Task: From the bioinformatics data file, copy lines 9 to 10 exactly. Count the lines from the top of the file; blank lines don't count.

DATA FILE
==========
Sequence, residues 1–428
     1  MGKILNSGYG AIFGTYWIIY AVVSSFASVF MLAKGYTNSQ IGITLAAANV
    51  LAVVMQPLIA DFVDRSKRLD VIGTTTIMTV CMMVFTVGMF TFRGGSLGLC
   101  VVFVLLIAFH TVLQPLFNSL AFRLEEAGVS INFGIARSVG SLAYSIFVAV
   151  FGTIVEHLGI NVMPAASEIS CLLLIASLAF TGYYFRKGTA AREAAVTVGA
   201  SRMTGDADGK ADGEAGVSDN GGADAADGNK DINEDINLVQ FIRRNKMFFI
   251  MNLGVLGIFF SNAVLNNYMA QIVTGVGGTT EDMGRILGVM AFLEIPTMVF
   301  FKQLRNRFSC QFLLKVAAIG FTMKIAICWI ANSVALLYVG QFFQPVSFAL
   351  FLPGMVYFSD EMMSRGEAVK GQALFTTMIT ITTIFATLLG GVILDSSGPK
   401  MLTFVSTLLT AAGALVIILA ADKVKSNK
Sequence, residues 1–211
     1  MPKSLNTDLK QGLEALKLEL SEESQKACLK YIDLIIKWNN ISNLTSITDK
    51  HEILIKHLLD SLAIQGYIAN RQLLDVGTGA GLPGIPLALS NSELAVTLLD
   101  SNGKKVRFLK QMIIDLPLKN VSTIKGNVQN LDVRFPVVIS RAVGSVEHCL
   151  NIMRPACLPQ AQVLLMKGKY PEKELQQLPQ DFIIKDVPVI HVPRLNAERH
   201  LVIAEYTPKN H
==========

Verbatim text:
   351  FLPGMVYFSD EMMSRGEAVK GQALFTTMIT ITTIFATLLG GVILDSSGPK
   401  MLTFVSTLLT AAGALVIILA ADKVKSNK